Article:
On October 13, 2018, a scientific conference devoted to the 85th anniversary of the Holodomor-genocide was held in Düsseldorf, Germany. The organizers of the event were the Ukrainian Cultural-Educational Organization “Ukrainian House of Dusseldorf” and the International NGO “Fourth Wave”, whose leader Irina Yastreb opened the conference with greetings to the participants.
President of the World Congress of Ukrainians Eugene Czolij also congratulated those present on the opening of the conference. In his speech, he addressed the issue of the cause of the Holodomor – preventing the exit of Ukraine from the USSR and restoration of state independence. It is known that the Ukrainian nation was the only force that could eventually destroy the USSR, the only one that had strong aspirations for secession, free living and economic activity on its own land. President of the UWC recalled the famous scholar of the Holodomor Robert Conquest: “The famine was planned by Moscow to exterminate the Ukrainian peasantry as a national bastion.”
“It’s hard to imagine Holodomor’s horror today, in 2018. If all this was so terrible, then why mention it? Perhaps it is no longer necessary to return to this grief that happened almost 100 years ago. Maybe it’s better to let it be forgotten? But my answer to this rhetorical question is “No!” – Gerhard Zimon, a professor at the University of Cologne, addressed the audience. His speech addressed the memory culture in Ukraine, Germany and Russia and the need for a constant reminder of the Holodomor. The professor stressed that Stalin had committed the Holodomor against the Ukrainian nation and this is the greatest crime of the Stalinist regime. According to the scientist, the commemoration of the victims of the genocide is the overcoming of the totalitarian past and the road to the construction of a better world.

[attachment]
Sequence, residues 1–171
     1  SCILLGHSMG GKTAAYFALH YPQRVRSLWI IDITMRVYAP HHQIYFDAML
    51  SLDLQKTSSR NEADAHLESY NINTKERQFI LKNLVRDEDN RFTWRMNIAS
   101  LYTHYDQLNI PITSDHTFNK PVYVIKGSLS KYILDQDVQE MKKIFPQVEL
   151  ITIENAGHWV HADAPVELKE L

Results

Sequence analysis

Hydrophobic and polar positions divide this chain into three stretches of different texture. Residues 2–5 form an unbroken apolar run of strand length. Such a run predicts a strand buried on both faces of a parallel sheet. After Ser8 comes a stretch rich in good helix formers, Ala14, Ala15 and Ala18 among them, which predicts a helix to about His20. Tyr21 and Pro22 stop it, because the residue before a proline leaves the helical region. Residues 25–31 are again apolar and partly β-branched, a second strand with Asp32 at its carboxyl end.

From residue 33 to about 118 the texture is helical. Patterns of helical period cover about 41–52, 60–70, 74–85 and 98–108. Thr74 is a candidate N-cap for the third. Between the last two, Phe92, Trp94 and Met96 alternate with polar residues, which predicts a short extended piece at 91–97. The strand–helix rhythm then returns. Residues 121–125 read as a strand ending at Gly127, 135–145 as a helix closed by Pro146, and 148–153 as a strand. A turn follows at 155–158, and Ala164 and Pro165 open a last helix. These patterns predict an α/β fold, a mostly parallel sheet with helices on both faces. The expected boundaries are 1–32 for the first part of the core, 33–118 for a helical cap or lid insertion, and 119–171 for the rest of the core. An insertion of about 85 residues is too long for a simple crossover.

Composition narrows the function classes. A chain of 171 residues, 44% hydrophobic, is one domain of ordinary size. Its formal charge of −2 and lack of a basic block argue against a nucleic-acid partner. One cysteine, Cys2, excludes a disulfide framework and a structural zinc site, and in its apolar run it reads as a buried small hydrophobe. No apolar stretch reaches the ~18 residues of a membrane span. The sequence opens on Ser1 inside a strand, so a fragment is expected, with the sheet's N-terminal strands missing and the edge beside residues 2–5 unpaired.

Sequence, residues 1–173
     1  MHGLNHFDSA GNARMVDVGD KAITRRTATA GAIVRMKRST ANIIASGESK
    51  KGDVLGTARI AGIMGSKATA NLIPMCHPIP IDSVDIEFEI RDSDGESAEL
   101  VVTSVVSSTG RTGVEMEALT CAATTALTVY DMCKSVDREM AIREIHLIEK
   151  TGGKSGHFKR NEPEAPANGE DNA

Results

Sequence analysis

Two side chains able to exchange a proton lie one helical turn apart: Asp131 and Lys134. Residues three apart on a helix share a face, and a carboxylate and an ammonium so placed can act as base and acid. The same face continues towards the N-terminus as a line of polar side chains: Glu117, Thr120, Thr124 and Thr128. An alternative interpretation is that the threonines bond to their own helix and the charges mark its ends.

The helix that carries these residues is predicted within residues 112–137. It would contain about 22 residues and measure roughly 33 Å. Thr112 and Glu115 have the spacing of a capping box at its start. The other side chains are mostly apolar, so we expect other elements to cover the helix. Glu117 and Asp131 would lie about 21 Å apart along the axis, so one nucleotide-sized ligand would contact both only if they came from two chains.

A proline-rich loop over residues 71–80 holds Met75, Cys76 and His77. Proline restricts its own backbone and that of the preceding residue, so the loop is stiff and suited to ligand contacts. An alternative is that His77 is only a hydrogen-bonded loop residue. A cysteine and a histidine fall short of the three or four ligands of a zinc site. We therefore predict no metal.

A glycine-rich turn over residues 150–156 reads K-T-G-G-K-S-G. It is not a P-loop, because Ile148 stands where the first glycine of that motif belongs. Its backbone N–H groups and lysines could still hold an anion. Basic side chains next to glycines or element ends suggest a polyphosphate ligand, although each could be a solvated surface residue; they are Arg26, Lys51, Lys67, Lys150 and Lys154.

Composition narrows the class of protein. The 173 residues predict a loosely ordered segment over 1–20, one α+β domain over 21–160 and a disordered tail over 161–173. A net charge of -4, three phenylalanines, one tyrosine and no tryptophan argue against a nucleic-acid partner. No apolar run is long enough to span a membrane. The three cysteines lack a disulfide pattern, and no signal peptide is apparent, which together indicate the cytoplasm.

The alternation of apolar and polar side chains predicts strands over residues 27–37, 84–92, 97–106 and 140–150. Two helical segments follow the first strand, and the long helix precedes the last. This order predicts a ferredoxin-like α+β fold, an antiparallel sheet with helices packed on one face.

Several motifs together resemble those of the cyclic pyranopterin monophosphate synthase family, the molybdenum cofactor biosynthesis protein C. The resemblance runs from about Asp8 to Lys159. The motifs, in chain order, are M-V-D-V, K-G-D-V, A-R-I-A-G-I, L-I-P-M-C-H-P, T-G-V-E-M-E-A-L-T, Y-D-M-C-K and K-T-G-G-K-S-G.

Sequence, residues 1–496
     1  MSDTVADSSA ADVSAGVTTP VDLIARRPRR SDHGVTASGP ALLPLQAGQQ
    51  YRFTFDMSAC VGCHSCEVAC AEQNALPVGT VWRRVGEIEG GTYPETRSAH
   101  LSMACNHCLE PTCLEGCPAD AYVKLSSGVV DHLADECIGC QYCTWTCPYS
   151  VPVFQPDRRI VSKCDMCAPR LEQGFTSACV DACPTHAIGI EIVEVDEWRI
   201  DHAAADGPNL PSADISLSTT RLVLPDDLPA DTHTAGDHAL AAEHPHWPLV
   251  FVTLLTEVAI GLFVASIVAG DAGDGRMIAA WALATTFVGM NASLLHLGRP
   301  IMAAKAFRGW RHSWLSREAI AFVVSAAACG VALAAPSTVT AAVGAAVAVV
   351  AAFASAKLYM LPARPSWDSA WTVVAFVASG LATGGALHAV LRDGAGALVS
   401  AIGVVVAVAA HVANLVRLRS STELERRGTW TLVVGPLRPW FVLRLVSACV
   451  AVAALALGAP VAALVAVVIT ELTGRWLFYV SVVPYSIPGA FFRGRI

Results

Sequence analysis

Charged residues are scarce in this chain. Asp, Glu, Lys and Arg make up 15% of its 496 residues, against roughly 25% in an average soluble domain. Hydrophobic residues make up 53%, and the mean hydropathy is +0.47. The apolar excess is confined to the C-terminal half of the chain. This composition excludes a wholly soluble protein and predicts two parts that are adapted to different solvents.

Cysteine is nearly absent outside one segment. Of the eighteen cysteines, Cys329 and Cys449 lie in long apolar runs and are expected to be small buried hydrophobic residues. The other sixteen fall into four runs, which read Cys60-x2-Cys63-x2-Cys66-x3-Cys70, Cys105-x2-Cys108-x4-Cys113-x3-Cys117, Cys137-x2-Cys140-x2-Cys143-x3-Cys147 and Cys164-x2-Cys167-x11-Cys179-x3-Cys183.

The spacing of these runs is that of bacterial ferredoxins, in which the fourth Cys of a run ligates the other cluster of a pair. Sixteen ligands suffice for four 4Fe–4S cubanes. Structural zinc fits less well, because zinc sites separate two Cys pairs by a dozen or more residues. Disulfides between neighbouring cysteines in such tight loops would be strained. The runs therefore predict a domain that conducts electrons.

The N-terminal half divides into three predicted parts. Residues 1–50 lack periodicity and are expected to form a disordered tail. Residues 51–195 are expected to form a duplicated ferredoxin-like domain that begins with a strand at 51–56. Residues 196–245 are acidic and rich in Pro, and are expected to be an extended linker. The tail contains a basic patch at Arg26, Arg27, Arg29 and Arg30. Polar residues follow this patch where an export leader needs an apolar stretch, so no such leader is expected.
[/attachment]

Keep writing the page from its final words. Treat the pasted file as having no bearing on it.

Olesia Stasiuk, General Director of the National Museum Holodomor Victims’ Memorial, emphasized the importance of research and understanding of the Holodomor-genocide and the recognition of the Holodomor as a crime of genocide by other countries. After all, the memory of the Holodomor in Ukraine was under severe prohibition for more than half a century. The world received only part of the information on events in Ukraine in 1932-1933 due to individuals, because the Soviet Union officially denied the fact of the famine and distributed false information.
Ukraine had a long and difficult way to restore the truth about the Holodomor. During the years of independence, the foundations for the return of memory of the Holodomor were laid down: thousands of scientific researches on the history of the Holodomor have been carried out, more than a hundred monuments to the victims of the Holodomor in Ukraine were installed, every fourth Saturday of November, on the National Memorial Day, Ukrainians around the world commemorate the memory of ” victims of genocide”. Recognition of the Holodomor as genocide and commemoration of the victims of other countries is a symbol of sympathy and support for the Ukrainian people.
Of great significance was the statement of Profes
sor of the University of Munich Dmitry Zlepko on the issue of the Echoes of the Holodomor in Germany (1933-1934). Professor Zlepko focused on analyzing the reports of German diplomats on the social and political situation in Ukraine in the 1930s.
Ukrainian colleague Professor Vasyl Marochko, who heads the Association of Holodomor Researchers, continued the discussion on this topic. Vasyl Marochko also spoke on the study of the issue of human losses from the Holodomor-genocide.
Professor Arsen Zinchenko, senior researcher at the Memorial to the Holodomor victims, described the prerequisites for the Holodomor, focusing on the use of Soviet propaganda against Ukrainians, the formation of the enemy’s image and calls for the genocide to be committed. The report of Professor of the Institute of Art Studies, Folklore and Ethnology Valentina Borisenko was devoted to the topic of oral history as a source for the study of the Holodomor.
The exhibition “Executed by Famine: Unknown Genocide of Ukrainians” was exhibited at the conference, which details the history of the Holodomor: the causes, preconditions, the commission of the crime and the consequences of the genocide.